STEVE: Yeah. I just, as a matter of fact, well, they’re unable to hack it from a position of…
LEO: From logging in. They can’t hack your password, let’s put it that way.
STEVE: Exactly. I mean, even if you had a bad password, your last name or something really, really obvious, like “password,” your password could be “password.” But the addition of six digits to the end of it, which is the way you log in - oh, and by the way, I forgot that the other day, and I logged in just with my normal password. And, well, what it did was it took me to a separate screen because it knew that I had now authorized myself to use and require the PayPal security key. And so I got an intercept screen saying please type in the six digits currently showing on your security dongle. So it’s like, oh, good, if I don’t - you can do it all in one phase by adding those to the end of your password. But if you forget, then it’ll just say what’s your current six digits. And of course if a bad guy ran across that, he’d think, oh, well, I’d better go somewhere else because I’m not going to guess some six-digit number that’s changing every 30 seconds.
LEO: Yeah, I’m looking forward to getting it. I worry about what happens if I lose it or I don’t have it with me, et cetera, et cetera. But better to have that security.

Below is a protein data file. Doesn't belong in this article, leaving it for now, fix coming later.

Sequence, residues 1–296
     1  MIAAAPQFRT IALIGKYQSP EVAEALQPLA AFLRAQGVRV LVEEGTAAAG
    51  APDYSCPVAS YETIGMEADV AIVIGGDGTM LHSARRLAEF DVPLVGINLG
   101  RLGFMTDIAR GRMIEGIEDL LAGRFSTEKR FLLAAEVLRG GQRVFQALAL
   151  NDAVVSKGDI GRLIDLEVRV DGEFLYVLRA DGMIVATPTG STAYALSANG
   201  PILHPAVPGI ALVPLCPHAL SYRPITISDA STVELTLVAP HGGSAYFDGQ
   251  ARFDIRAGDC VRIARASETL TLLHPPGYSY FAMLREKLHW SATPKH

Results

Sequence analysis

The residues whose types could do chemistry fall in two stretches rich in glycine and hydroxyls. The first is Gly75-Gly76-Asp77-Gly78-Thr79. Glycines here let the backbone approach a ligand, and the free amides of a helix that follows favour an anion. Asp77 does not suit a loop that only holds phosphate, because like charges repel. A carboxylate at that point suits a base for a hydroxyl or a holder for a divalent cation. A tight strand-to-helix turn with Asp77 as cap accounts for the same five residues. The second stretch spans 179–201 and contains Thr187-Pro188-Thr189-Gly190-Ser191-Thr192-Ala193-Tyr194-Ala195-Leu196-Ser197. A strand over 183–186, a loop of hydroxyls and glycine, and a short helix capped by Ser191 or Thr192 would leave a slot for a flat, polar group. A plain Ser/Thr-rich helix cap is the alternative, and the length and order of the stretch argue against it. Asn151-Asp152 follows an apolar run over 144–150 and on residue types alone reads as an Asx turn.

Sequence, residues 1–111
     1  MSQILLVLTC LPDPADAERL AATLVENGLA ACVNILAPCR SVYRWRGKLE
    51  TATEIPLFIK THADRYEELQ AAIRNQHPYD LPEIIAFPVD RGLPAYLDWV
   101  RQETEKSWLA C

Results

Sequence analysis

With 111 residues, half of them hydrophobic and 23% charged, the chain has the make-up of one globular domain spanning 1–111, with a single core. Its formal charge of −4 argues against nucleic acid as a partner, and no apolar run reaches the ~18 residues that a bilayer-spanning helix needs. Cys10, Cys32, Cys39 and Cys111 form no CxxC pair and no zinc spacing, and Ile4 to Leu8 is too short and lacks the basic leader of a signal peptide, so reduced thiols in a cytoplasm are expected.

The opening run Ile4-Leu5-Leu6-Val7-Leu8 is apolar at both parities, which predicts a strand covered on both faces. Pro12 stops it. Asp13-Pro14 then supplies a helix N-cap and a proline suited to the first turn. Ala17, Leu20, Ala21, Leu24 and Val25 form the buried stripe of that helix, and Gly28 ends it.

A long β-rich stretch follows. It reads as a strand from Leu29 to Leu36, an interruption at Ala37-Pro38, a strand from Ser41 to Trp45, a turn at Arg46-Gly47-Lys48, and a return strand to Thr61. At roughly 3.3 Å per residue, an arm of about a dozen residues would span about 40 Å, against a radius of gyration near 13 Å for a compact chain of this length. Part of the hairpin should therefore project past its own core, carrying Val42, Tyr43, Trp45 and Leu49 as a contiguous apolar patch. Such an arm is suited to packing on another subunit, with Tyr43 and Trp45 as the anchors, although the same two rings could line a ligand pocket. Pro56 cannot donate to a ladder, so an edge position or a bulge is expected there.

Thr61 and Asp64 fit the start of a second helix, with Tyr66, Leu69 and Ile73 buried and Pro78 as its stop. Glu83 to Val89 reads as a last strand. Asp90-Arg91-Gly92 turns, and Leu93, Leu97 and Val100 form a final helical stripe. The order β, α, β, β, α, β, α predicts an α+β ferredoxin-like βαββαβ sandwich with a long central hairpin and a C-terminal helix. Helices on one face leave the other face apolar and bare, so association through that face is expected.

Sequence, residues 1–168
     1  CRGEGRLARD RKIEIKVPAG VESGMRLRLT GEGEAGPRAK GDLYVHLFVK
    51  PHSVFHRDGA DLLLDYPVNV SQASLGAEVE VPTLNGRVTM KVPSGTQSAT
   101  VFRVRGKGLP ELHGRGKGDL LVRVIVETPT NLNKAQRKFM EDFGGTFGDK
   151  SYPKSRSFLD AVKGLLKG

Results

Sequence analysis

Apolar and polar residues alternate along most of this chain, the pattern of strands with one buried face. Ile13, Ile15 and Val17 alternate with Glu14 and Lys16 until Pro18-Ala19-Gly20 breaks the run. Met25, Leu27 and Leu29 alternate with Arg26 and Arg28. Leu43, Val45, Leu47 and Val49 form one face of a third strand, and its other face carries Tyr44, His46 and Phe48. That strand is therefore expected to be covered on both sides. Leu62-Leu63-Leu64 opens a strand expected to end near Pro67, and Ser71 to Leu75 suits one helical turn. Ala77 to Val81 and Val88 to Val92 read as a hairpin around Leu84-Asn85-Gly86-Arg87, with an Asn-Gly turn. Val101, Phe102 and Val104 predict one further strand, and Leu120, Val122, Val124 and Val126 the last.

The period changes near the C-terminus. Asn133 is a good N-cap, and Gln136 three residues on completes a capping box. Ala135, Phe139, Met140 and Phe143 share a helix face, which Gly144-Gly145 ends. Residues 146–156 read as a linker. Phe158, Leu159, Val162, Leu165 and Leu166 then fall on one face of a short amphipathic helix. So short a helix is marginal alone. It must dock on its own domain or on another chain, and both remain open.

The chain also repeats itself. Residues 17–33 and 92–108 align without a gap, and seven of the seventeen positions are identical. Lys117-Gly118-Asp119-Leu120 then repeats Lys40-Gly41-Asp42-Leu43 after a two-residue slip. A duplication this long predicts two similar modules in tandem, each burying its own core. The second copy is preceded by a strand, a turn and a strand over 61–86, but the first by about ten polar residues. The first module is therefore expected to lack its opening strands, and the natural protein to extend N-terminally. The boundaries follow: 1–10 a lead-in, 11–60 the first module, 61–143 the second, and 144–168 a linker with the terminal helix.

STEVE: It’s funny, too, Leo, because that’s exactly what I was feeling, too, when I authenticated myself and committed to always having it. Because first it was sort of a cool thing to have. And then I thought, okay, well, what’s the point of having it unless I lock it into my PayPal account, which you’re able to do separately from receiving it. And then I thought, okay, but if I do this, then I just can’t use PayPal randomly wherever I am. It’s like, yes, Steve…
LEO: That’s the point, Steve. I guess I’ll probably not keep it on my keychain because that’s too heavy. I already have, like, 83 things on my keychain, including some keys, actually.
STEVE: Well, and we’re going to have some great Mailbag comments about that, too, so…
LEO: All right, I won’t say anything, then.
STEVE: Okay. So Phil Aylesworth in Windsor, Ontario, Canada says, sorry about the email yesterday - that apparently he sent me - about the PayPal security key not being available. A Google search reveals that it is only available in the U.S., Germany, and Australia right now. Of course I said he’s in Windsor, Ontario. He says, I’m in Canada. I guess other countries don’t need the extra security. And then he’s got a frowny face here.